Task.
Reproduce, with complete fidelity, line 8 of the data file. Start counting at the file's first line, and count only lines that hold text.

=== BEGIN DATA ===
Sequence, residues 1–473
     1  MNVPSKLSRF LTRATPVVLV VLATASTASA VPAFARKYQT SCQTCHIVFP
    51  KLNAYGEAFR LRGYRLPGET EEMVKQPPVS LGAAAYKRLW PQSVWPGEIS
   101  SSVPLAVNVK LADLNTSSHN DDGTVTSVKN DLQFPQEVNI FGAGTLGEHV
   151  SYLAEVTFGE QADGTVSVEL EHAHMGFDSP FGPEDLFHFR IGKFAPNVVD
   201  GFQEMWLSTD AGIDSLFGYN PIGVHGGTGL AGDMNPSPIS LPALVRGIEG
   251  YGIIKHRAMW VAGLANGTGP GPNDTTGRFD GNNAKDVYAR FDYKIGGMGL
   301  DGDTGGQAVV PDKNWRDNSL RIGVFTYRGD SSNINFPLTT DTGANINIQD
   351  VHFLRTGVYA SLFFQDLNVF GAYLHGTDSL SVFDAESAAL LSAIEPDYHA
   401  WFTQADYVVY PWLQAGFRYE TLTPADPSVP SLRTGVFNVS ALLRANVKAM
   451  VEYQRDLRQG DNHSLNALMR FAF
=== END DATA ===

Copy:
   301  DGDTGGQAVV PDKNWRDNSL RIGVFTYRGD SSNINFPLTT DTGANINIQD